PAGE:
Poker face: North Korea tries new strategy in crackdown on ‘bluffing’ and lying
Penalties for poor performance and inability to fact check has made false reporting endemic, analysis of new law shows
The Supreme People’s Assembly, North Korea’s rubber-stamp parliament, passed a new law against fraudulent reporting last year, and the recent publication of the full text makes clear that deceit has become a ubiquitous part of life in the DPRK.
Literally translated as the Bluffing Prevention Act, the law seeks to outlaw lying in the country, a signal that a system with severe punishments for poor performance and where accurate information is difficult to obtain struggles with honest communication.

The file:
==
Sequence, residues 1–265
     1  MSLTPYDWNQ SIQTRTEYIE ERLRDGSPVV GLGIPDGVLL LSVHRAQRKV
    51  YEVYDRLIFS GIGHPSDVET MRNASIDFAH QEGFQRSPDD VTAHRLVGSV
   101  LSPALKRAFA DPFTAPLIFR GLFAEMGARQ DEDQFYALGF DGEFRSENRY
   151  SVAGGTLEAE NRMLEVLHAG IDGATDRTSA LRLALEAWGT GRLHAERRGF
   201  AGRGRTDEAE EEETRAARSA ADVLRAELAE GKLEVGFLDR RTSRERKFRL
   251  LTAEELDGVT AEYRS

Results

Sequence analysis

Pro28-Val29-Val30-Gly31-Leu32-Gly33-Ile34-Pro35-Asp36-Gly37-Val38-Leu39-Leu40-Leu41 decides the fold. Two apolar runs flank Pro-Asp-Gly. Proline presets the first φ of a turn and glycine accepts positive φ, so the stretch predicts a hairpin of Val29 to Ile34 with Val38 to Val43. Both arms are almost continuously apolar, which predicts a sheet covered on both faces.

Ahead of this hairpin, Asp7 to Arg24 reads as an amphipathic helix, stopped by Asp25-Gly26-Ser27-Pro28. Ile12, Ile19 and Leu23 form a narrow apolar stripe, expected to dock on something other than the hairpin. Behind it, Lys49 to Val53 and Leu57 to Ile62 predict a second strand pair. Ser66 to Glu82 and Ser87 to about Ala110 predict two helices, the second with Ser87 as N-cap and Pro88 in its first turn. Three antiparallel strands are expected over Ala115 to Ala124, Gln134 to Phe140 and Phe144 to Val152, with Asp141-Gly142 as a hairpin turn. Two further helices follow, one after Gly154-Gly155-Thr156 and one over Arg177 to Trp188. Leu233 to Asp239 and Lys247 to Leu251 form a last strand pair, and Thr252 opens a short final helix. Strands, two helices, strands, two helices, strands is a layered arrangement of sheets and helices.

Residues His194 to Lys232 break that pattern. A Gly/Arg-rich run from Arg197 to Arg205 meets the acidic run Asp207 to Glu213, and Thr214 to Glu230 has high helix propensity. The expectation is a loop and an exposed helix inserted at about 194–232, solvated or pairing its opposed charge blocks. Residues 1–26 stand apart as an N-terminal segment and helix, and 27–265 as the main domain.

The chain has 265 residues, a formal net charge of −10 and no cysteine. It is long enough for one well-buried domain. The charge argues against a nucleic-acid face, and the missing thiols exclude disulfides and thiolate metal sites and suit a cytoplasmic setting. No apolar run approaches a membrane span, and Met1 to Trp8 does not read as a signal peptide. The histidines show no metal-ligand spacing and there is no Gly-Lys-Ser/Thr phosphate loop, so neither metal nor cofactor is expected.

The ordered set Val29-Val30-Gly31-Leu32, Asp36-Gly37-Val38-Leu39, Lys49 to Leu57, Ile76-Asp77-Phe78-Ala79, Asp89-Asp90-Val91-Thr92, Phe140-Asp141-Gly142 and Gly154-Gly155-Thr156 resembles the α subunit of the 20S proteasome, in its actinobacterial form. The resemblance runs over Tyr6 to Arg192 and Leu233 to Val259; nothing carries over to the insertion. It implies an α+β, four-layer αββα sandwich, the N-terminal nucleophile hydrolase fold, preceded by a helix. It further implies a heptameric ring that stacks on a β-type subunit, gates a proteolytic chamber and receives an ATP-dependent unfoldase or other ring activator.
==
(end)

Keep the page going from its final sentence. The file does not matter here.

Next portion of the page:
An NK Pro analysis reveals:Bluffing has a formal legal definition of falsifying records
- 01Timeline: From North Korean satellite launch to Yoon-Kishida summit in Seoul
- 02State media review: North Korea says ‘no reason’ it can’t meet with Japan
- 03North Korea primed for quick rebound after satellite launch failure: Analysis
- 04What to make of conflicting signs about a North Korean border reopening
- 05North Korea hacked an election body. But political interference wasn’t the goal.
- 06Secrecy surrounding North Korea’s upcoming plenum points to big changes afoot
- 07State media review: North Korea provides a front-row seat to anti-Yoon protests
- 08By linking radars, ROK and Japan reduce blind spots around North Korean missiles